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87th Tour de France - Grand Tour

France, July 1 - 23, 2000


Previous stories

Tour News for July 25

More post Tour comments and views

By Tim Maloney, cyclingnews.com correspondent

Zabel's record fifth

The jersey winners
Photo: © AFP

"For me and the Telekom team, it was a great Tour this year. We want to thank the fans in Germany and France," said Erik Zabel (Telekom), who took his 5th consecutive Maillot Vert in winning the points classification over Robbie McEwen (Farm Frites) and Romans Vainsteins (Vini Caldirola). Zabel also won a stage in a sprint finish and continued to show his power in bunch sprints.

Telekom enjoyed a few days with Le Maillot Jaune on the back of the popular Italian Alberto Elli, and as for Tour runner-up Jan Ullrich, there must be some satisfaction in finishing 2nd. In fact, three weeks before the Tour, Ullrich's form was questionable. So questionable, in fact, that he was worried about his ability to even finish a tough three week race. But in the end, Ullrich's tenacious nature and his class as a rider saw him improving daily.

"I can't be anything but satisfied with my second place," said Ullrich after the conclusion of Le Tour 2000. " I'm already thinking of 2001; anything will be possible (then)."

French and Spanish success (or not)

French hopes soared with two stage wins in this Tour; a gutsy solo effort from Momo Agnolutto (AG2R Prevoyance) in Limoges and dramatic, emotional win from Richard Virenque (Polti) in Morzine. Virenque was an excellent 6th on GC, the 2nd Frenchman, while his Polti teammate Herve was 12th. Christophe Moreau (Festina) also had an excellent Tour to finish 4th, as many observers thought the lanky Frenchman would crack along the way, but his solid ride to Courchevel and an excellent 3rd place in the final TT showed that Moreau was the real deal.

As was his surprising Festina teammate Joseba Beloki. After a win in the TT at the Tour de Romandie, the Basque Beloki looked to be a young man on the way to the top, and his 3rd place overall in this year's Tour De France had his Festina team director Juan Fernandez smiling. Beloki didn't show himself much in this Tour; he just stayed on the wheels, rode a smart, conservative race and protected his third spot on GC. Is the 26 year old Beloki a threat for the future in the Grand Tours? Probably, but he'll need to confirm his Tour performance going forward for the top men like Armstrong and Ullrich to take him more seriously.

Another young Spaniard emerged at Le Tour this year - Francisco Mancebo (Festina). His top 10 GC finish and climbing and TT talents put Mancebo in the same category as Botero and Beloki. But despite Cente Garcia-Acosta's Bastille Day stage win in Draguignan, Banesto had a major disappointment this year with Zülle. The powerful Swiss stankovite just didn't have it when it counted. Nor did his Banesto teammate El Chaba Jimenez. In fact, after El Chaba dominated the Volta Catalunya in late June, he looked like he would be a real dangerman at Le Tour, but it was not to be.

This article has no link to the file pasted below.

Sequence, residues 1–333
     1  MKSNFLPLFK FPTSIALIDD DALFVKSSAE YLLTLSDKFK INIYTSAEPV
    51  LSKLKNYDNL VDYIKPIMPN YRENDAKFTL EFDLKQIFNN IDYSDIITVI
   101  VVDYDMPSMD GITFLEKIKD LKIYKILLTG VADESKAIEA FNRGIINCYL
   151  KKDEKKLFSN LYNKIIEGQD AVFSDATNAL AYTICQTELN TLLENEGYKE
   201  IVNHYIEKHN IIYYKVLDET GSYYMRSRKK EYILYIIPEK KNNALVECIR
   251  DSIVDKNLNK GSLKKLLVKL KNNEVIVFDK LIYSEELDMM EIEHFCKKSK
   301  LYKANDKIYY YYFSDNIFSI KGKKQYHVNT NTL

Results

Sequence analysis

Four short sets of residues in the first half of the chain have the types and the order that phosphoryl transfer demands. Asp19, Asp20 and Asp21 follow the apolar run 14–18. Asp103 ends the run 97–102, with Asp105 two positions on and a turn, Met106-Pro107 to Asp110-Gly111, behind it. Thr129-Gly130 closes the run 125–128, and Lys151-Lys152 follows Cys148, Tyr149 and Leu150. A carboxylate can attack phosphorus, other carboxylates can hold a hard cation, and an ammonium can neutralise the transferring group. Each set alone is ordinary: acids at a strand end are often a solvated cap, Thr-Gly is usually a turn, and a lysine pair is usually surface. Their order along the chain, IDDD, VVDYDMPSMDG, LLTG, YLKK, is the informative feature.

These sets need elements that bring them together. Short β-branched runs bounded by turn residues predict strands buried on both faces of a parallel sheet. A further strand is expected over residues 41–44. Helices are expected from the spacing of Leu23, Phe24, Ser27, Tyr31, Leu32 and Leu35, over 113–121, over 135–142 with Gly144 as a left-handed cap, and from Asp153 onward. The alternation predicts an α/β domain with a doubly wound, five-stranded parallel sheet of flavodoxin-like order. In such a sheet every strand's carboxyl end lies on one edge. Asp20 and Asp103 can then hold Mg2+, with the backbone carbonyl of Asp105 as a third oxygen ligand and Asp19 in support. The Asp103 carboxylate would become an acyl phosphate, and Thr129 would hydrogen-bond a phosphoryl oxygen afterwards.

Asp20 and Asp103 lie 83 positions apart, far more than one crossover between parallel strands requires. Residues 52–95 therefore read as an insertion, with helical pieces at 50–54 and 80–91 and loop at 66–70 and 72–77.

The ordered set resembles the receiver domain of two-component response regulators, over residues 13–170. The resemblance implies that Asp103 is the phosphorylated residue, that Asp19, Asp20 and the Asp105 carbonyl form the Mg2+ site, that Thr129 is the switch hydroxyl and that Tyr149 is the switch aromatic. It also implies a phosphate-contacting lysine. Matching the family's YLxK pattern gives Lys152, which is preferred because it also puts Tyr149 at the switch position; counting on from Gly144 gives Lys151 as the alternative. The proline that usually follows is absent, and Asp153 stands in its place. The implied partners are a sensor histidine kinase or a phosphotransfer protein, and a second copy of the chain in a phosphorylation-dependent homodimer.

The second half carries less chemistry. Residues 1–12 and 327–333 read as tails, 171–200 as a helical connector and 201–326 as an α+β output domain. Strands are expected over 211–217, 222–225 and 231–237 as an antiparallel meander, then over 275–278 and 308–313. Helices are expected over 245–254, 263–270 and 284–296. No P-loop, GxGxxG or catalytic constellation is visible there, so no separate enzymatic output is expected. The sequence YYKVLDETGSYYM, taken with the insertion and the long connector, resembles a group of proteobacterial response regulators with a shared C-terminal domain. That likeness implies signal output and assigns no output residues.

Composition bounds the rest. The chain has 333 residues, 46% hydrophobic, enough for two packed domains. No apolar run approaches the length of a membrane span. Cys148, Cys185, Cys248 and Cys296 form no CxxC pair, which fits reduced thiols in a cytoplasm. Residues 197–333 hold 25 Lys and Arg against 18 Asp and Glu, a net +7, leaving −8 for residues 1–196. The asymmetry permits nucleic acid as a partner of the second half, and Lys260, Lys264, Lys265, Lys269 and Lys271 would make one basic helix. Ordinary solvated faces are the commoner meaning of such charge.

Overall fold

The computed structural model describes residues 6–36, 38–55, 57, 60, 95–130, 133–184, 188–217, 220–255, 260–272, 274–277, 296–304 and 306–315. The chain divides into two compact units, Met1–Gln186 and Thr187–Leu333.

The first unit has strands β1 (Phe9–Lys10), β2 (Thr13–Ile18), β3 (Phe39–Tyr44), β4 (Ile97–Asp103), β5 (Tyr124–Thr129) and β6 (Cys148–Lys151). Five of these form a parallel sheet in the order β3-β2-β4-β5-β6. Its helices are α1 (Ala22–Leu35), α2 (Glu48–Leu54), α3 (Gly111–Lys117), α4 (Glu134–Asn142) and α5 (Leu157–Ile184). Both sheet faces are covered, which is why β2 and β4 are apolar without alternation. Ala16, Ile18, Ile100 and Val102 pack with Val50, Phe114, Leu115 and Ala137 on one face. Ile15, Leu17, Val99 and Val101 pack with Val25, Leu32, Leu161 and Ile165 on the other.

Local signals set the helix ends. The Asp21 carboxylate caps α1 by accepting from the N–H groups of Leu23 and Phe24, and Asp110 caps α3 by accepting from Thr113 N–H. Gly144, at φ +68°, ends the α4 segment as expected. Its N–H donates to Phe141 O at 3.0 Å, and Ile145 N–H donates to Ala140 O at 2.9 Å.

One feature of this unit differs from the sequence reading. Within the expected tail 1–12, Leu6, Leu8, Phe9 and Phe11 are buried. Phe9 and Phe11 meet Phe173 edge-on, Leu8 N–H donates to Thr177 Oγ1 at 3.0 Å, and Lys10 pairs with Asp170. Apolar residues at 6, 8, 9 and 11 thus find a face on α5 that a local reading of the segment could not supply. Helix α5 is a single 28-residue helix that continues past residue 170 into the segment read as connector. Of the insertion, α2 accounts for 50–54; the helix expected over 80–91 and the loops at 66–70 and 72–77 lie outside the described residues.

Even more disappointing at Le Tour was the performance of O.N.C.E. They had one moment of glory in the St.Nazaire team time trial, but after taking over the Maillot Jaune for Laurent Jalabert, O.N.C.E boss Manolo Saiz let it go after one stage in a fit of pique. But Jaja and his co-O.N.C.E leader Olano finished the 2000 Tour.

"I'm happy to be here," Jaja said in Paris. "But I've no regrets; the (lost) Maillot Jaune happened so long ago that it's forgotten." As likely the Grand Tour ambitions of both Jalabert and Olano must be; both riders could not compete on the top level at this year's highly competitive Tour De France and probably need to look elsewhere for their big wins in the future.

Kelme - number one

Unquestionably, the best team in the race was Kelme, who won the Team GC competition; every day as the race progressed, one, two and sometimes four Kelme riders were up the road, attacking hard and making an impact. Although Fernando Escartin didn't make it pack to the podium this year, Maillot Pois Santi Botero has emerged at 26 as a man to watch in the future. Winning the Best Climber's jersey and winning Stage 14 win was a major breakthrough for the Colombian. As for Kelme's Javi Otxoa, he was runner-up in the Climber's classification and won stage 10. Kelme was focused and their all for one, one for all approach to the 2000 Tour De France was admirable.

Stage winning teams

Some teams like Mapei and Rabobank came with few GC illusions and just wanted to win as many stages as possible. Despite some internal issues, Mapei ended up on top with 4 stage wins; two by sprinter Tom Steels, one from Paolo Bettini and the prestigious final stage in Paris. On the Champs-Elysées, Mapei teamwork thwarted Erik Zabel and delivered the biggest win of his career to Stefano "Zaza" Zanini.